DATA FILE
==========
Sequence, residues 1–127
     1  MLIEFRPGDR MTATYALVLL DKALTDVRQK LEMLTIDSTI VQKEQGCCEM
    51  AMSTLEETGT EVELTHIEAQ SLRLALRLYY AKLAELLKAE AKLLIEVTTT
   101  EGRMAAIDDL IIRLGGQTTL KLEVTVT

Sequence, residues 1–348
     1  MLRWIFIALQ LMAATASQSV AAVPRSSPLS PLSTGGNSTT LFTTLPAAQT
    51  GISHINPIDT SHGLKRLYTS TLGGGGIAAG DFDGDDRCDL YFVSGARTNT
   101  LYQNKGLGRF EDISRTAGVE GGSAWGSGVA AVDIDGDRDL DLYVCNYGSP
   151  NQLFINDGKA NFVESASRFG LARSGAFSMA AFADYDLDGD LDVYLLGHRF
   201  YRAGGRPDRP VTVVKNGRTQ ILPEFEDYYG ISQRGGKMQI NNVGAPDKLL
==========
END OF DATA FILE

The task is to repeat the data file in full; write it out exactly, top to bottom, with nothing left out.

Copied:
Sequence, residues 1–127
     1  MLIEFRPGDR MTATYALVLL DKALTDVRQK LEMLTIDSTI VQKEQGCCEM
    51  AMSTLEETGT EVELTHIEAQ SLRLALRLYY AKLAELLKAE AKLLIEVTTT
   101  EGRMAAIDDL IIRLGGQTTL KLEVTVT

Sequence, residues 1–348
     1  MLRWIFIALQ LMAATASQSV AAVPRSSPLS PLSTGGNSTT LFTTLPAAQT
    51  GISHINPIDT SHGLKRLYTS TLGGGGIAAG DFDGDDRCDL YFVSGARTNT
   101  LYQNKGLGRF EDISRTAGVE GGSAWGSGVA AVDIDGDRDL DLYVCNYGSP
   151  NQLFINDGKA NFVESASRFG LARSGAFSMA AFADYDLDGD LDVYLLGHRF
   201  YRAGGRPDRP VTVVKNGRTQ ILPEFEDYYG ISQRGGKMQI NNVGAPDKLL